Matt Leibel

Here are some of the things that were found on the island: a ball of twine; a 1/10000 scale model of the Sistine Chapel made out of seaweed; a half-eaten grapefruit; the eight of clubs from a deck of nudie cards; a ruffled paper plate slathered with French fry grease; a ring of interlocking paper clips wide enough to fit around the neck of a lion; a wallet full of Albanian currency and the business card of a Tiranese magician and/or musician (the card was wet and blurry); a treasure map; a solid gold baseball stuffed inside a coconut buried under sand deep inside a seaside cave; a green magic potion reputed to give the imbiber a one in ten chance at immortality (we won't know how this pans out till later); a letter to the Sultan of Brunei signed by a woman named Claudia de Passolini, the former hostess of an Italian television program on which people have various of their body parts turned into molds and made into truffle-filled chocolates; a famous painting of a famous photograph, which photograph depicts a painting of a photograph, and so forth in a kind of endless Escheresque progression; a kangaroo, whose pouch doubles as a fax machine; a garden in which giant asparagus grow so high they reach the sun, then grow right through the sun as though skewering it;  a species of frog whose facial features change depending on who or what is looking at it; a map of the island as imagined by mapmakers who had themselves never visited but had had the island lovingly described to them over the phone (this is the most accurate map of the island extant to date); a teardrop the size of a small child (speculation about the creature who cried it leading to a lonely monster residing in the same cave where the gold-baseball-stuffed-inside-a-coconut also resides); a message in a washed-ashore bottle that reads: "Sorry, Try Again"; several sticks lined up along the beach arranged to read RESCUE ME, followed several yards further on by more sticks lined up to read JUST KIDDING I LIKE IT HERE AND GOING HOME SEEMS TOO SCARY NOW; a non-fiction book about comets purportedly written by an actual comet, whose previous book (according to the jacket copy) was more of a psychological thriller, though also about comets (i.e. the effect on the residents of a small New England fishing village when struck by a comet); another monster, this one female, who apparently lives in the cave with the first monster, and who, the pair of them, are in the midst of a messy divorce; a musical instrument entirely made from bamboo with strings fashioned out of stray electrical wiring found amidst the wreckage of the small plane that crashed here around 1997; an increasingly hairy and long-bearded human being who has forgotten his name (it is Mike Davidson) who strums the instrument (it is a harp) in an attempt to lure the dueling monsters out from their cave in order that he can retrieve the solid-gold baseball (a parting gift from his former professional team, upon his retirement as a professional baseball pitcher back in 1989, honoring his 300 minor league wins) he had hidden in the cave soon after the plane crash; a Virginia Slims cigarette in the mouth of the male monster, who had taken up smoking only after several crates of cigarettes washed ashore years before; a weathered tan baseball glove that fits snugly around the four-fingered right hand of the female monster, who is, just now, tossing the solid gold baseball against the wall of the cave and fielding grounders; a response, by the male monster, to the tune being played on the bamboo harp by Mike "Minnesota Masher" Davidson, in the form of the monster's decision to step outside the cave for the first time in several years; a response to the response, in the form of the female monster (whose name is Bellaguizzin) following her soon-to-be-ex-husband (whose name is Parabogoragak) outside the cave, baseball still in hand; a pen, bearing the address and phone number of the Minnesota Twins front office, in the front paw of the kangaroo, who is jotting down an account of these events on the back of Claudia De Passolini's letter to the Sultan of Brunei (which, incidentally, expresses her undying love for the Sultan, who has hundreds of other lovers, a fact she well knows, in all likelihood) and is faxing said account, via his pouch, directly to the office at my Marina Del Rey beach house; a negotiation, between Mike Davidson and the two married-but-estranged monsters, which starts with Mike Davidson offering the monsters 1.5 million Albanian lek in exchange for the solid gold baseball (they could keep the coconut); a confrontation, following the failed negotiation, in which Mike Davidson attempts to fell the two monsters by pelting them with the bottle and sticks lined up on the sand; a slaying, in which the monsters, who can breathe fire (did I mention earlier the monsters can breathe fire?) char Mike Davidson to a crisp; a reconciliation, between Bellaguizzin and Parabogoragak, who were both so ancient and venerable they could barely remember what had caused the strife between them in the first place; a tsunami, subsuming all of the above to underwater oblivion, excepting one small, test tube vial containing the green immortality potion, which washes up on shore outside my beach house, and which I drink quickly and then immediately find myself wondering, do I really want to live forever, do I, in a world in which the island no longer exists?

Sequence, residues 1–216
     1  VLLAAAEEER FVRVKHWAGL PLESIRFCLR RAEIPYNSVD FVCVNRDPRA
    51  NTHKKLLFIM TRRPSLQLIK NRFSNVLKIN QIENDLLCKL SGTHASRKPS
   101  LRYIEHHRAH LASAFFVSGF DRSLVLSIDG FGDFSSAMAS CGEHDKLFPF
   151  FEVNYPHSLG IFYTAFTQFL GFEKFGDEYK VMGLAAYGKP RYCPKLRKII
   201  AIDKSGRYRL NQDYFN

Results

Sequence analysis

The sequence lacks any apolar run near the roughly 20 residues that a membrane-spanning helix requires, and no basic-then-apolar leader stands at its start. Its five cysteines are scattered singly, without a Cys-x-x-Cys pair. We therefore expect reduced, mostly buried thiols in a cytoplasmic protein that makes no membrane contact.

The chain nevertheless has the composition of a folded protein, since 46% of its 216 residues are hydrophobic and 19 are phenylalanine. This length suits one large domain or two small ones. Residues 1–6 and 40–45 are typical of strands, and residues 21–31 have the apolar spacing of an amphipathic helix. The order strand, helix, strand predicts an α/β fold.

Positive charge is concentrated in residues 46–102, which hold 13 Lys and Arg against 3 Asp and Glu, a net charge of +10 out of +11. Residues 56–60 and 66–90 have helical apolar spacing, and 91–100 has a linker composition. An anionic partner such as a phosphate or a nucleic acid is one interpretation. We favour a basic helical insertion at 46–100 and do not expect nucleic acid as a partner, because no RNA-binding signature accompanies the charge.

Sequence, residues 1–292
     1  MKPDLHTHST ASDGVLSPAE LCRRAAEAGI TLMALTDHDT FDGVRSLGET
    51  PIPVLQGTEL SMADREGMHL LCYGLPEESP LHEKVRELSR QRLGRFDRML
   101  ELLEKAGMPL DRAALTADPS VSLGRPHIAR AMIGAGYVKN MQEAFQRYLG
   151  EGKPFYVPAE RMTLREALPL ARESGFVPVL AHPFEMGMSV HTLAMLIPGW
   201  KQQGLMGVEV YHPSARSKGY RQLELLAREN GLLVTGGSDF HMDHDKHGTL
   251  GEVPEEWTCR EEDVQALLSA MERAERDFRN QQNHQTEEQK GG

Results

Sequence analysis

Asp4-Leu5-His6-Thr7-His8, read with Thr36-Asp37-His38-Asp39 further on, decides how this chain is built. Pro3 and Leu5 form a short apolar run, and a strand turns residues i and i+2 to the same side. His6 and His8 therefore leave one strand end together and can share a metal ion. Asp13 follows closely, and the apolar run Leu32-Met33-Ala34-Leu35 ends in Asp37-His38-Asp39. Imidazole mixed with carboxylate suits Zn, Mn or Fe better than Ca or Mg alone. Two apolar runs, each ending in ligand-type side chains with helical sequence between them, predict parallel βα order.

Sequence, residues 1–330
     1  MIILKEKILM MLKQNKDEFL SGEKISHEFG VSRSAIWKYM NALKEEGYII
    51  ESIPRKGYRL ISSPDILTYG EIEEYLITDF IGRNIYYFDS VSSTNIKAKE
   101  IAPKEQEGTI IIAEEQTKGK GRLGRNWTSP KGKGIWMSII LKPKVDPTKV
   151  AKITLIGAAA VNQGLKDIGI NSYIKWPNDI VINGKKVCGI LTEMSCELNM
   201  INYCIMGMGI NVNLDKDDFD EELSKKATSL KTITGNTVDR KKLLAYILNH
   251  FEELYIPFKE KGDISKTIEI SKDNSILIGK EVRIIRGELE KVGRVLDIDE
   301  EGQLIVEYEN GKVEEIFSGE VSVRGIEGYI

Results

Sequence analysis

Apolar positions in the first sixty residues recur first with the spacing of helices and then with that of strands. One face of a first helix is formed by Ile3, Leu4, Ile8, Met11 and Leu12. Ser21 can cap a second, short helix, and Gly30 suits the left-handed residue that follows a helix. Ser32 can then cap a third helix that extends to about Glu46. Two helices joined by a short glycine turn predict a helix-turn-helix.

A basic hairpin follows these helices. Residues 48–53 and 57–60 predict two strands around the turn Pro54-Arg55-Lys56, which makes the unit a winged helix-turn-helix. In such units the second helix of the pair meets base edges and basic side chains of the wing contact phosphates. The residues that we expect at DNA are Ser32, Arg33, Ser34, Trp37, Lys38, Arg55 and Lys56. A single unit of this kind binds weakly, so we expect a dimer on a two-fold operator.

I love the idea of the short story as a compendium of wonders. Two fantastic examples: "Cathay" by Steven Millhauser, and "Paraguay" by Donald Barthelme. Also, it's just a kick to name monsters.